sat 22/02/2020

Matt Forde, Soho Theatre review - Brexit and beyond | reviews, news & interviews

Matt Forde, Soho Theatre review - Brexit and beyond

Matt Forde, Soho Theatre review - Brexit and beyond

Cogent political analysis

Matt Forde offers intelligent insights into the age of Brexit

Matt Forde sets out his stall in Brexit: Pursued by a Bear from the first line: “We meet in diabolical circumstances.” These aren't good times, he says, with two major leaders in the Western world whose relationship with the truth is merely that of passing acquaintance. Add in the UK's continuing divisions over Brexit, and diabolical seems apt.

We know where Forde is coming from. He's a proud Remainer and Blairite, a former adviser to the Labour Party and a vehement critic of Jeremy Corbyn – who gets it in the neck just as much as Boris Johnson does. 

Forde sees little difference between the two men, mentioning “a populist, racist Brexiteer... and Boris Johnson” – and lays into both as he explains how we got here, and where we may be going next. Well, a hellish future, obviously, but at least he'll make us laugh along the way.

This is not special pleading by a sore loser, though, as Forde forensically analyses why effective opposition is vital to the functioning of democracy, and why a no-deal Brexit and the Northern Ireland “solution” are fundamentally flawed. Fans of his may have heard these sentiments expressed before, but never with so much passion.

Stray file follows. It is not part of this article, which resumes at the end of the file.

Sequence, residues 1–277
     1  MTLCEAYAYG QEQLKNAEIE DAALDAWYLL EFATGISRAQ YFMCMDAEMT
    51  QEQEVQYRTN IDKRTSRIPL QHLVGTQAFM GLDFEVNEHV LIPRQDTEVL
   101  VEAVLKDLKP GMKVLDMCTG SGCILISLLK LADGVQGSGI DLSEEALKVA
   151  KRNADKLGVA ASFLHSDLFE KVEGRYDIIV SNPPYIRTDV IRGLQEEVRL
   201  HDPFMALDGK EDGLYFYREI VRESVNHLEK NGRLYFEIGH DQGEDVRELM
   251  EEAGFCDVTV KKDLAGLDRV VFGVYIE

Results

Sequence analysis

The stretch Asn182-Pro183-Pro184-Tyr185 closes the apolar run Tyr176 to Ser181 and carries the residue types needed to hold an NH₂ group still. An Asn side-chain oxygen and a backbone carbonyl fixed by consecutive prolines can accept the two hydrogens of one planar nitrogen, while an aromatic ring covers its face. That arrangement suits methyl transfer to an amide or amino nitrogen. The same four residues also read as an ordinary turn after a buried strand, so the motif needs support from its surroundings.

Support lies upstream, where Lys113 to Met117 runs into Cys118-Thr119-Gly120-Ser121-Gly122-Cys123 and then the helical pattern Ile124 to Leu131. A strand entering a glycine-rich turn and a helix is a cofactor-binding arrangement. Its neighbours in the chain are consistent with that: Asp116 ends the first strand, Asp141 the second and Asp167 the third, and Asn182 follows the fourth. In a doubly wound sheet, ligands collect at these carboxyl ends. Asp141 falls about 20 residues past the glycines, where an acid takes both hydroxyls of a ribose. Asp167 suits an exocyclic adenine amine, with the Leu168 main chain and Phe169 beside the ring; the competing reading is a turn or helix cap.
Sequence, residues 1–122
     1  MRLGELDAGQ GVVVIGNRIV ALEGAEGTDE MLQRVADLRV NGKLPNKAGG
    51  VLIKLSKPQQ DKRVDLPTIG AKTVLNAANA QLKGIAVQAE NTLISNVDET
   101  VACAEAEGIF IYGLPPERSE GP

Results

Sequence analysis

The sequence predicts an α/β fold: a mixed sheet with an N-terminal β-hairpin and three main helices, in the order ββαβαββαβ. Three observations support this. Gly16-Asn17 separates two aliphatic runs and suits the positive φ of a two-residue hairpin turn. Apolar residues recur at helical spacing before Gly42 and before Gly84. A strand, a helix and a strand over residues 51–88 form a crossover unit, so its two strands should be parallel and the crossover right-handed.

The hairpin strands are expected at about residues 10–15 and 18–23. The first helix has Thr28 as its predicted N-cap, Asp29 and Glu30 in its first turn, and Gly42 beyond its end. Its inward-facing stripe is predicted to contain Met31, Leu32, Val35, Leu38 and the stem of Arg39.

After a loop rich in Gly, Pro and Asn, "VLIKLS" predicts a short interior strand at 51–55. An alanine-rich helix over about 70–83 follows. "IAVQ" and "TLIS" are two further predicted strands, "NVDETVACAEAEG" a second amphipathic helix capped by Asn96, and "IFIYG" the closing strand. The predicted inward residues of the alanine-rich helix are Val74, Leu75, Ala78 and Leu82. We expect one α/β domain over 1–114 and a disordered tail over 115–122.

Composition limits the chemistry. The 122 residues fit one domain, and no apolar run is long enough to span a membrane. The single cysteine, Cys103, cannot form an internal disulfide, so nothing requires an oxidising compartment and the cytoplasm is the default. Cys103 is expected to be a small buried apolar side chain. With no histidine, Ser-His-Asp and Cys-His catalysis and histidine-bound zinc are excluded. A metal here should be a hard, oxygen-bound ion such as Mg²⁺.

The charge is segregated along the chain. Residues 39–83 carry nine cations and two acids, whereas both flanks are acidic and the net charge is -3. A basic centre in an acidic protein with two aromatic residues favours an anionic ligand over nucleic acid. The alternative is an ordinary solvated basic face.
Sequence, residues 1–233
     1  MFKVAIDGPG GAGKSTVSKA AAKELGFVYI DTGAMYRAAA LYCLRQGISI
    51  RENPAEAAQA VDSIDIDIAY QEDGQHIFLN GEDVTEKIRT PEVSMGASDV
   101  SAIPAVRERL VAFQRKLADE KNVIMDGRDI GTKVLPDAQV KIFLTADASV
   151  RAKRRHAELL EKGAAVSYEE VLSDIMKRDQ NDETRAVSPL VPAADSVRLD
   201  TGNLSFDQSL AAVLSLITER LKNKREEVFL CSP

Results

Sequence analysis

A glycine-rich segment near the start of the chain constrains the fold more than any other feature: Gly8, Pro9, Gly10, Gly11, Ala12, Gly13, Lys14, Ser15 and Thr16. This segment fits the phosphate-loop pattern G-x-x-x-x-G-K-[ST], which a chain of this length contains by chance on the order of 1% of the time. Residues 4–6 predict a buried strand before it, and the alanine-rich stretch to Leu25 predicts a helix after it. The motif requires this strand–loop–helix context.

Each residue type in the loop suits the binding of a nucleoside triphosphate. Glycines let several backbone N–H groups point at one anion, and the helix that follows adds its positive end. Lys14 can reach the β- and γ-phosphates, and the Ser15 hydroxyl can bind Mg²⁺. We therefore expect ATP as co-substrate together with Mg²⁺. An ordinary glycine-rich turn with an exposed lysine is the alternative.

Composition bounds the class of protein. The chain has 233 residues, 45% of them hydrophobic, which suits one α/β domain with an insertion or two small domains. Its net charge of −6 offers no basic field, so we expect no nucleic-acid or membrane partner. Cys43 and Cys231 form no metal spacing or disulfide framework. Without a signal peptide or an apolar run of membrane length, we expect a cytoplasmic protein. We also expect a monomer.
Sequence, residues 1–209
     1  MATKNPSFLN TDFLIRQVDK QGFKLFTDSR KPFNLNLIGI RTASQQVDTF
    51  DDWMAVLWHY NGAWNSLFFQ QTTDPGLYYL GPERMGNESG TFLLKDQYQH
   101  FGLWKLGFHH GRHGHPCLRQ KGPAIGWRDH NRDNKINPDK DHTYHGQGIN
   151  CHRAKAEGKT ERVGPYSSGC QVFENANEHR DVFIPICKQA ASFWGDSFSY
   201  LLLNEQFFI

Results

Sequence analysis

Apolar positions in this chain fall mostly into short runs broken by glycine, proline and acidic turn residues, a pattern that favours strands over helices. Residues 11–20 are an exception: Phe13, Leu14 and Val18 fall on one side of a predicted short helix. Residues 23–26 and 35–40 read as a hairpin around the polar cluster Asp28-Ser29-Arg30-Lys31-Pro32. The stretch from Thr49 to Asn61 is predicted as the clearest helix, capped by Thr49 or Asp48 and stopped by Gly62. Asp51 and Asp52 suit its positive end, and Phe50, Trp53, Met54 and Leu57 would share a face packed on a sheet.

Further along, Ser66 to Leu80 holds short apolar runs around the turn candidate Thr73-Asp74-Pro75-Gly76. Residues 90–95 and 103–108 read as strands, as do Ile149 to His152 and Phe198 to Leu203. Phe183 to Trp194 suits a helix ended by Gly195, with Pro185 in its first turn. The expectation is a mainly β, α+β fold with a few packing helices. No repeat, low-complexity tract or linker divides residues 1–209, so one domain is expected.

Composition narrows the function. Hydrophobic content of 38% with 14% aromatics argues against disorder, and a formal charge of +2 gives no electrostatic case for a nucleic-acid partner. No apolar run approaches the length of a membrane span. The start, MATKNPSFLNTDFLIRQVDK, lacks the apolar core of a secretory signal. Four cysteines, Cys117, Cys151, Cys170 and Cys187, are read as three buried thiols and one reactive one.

This hour, advertised as the comic's “last show as an EU citizen (maybe)”, debuted at the Edinburgh Fringe and some material now appears dated – Rory Stewart's bid to be Conservative Party leader, for example – but elsewhere Forde throws things forward in examining where the US-UK relationship may go next. He imagines the scene at 10 Downing Street when Donald Trump next meets Johnson, now in possession of a thumping majority, and how the two prolix leaders might interact.

Forde is a talented mimic, and all the characters he mentions – including the aforementioned and MPs Richard Burgon, Jacob Rees-Mogg and Mark Francois – are brought vividly to life on stage (Theresa May, for obvious reasons, does not appear here). 

He gets not just their vocal register, but their physical and facial tics too. Johnson is two-fists-clenched bombastic, while Stewart says every word sloooowly, and as if each one has a full stop in between.

Despite a quiet audience and the occasional misstep, which he managed to divert around with gleeful humour, Forde powered through this hour. I've said before that he is the UK's foremost political comic, and on this showing I see no reason to revise that opinion.

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